Many employment decision systems (e.g., hiring, promotion, termination, etc.) intended to measure job-relevant factors also tend to result in differences in employment outcomes across racial/ethnic, sex and age groups. These statistical disparities, or adverse impact, serve as evidence in many equal employment opportunity (EEO) scenarios. These may include OFCCP audits, EEOC investigations, private employment discrimination lawsuits, and proactive affirmative action plan analytics.
These disparities do not, by themselves, prove illegal discrimination, but may create an obligation for the employer to explain existing disparities or to justify the use of procedures that cause impact and consider reasonable alternatives. If those procedures cannot be explained or justified in some fashion, they may be discriminatory. On the other hand, if adverse impact cannot be established, it is unlikely that those practices can be alleged as discriminatory.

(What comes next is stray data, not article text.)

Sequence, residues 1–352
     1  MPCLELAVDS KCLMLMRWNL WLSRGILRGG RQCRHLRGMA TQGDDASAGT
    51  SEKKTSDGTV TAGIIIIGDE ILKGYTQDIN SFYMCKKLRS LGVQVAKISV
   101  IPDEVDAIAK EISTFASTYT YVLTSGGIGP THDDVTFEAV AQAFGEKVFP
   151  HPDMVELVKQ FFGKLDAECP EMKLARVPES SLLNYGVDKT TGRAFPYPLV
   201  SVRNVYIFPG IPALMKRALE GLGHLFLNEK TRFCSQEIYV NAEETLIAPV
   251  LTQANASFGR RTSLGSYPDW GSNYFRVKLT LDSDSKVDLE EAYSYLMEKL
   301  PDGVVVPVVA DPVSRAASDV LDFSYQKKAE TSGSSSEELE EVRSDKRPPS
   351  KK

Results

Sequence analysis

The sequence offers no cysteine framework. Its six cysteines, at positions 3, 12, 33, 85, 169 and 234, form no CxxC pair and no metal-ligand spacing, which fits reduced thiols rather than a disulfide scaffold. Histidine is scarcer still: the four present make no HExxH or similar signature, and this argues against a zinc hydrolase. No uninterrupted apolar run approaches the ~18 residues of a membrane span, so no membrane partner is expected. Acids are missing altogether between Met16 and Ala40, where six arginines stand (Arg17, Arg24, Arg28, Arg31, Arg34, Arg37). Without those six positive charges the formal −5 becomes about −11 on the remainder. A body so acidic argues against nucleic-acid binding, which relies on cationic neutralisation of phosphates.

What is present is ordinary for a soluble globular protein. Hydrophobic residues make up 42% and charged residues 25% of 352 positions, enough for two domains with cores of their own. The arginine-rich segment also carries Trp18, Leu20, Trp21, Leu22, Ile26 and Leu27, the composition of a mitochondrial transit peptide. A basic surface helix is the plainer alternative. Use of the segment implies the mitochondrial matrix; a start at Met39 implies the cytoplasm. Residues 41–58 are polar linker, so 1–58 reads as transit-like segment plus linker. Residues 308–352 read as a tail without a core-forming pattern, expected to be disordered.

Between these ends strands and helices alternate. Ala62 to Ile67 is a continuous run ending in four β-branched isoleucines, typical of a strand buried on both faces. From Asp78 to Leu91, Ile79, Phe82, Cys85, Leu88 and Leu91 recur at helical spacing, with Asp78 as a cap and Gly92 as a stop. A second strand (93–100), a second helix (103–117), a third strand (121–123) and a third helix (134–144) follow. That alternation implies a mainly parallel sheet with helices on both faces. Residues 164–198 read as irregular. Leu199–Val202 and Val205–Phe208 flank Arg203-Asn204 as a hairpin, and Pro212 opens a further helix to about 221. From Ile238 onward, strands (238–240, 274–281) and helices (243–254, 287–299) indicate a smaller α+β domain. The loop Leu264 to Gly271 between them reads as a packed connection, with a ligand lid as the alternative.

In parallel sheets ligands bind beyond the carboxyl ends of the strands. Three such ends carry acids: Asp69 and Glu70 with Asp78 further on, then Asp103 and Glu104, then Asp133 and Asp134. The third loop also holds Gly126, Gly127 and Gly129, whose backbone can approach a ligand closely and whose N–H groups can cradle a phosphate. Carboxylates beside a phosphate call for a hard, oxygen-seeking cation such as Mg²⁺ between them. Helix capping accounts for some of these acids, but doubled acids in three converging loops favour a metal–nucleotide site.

This website is intended to help practitioners in the EEO/AA and human resource management communities become more familiar with contemporary adverse impact measurement and the various contextual factors that may affect the appropriateness of analyses. Toward that end, this website includes the following pages: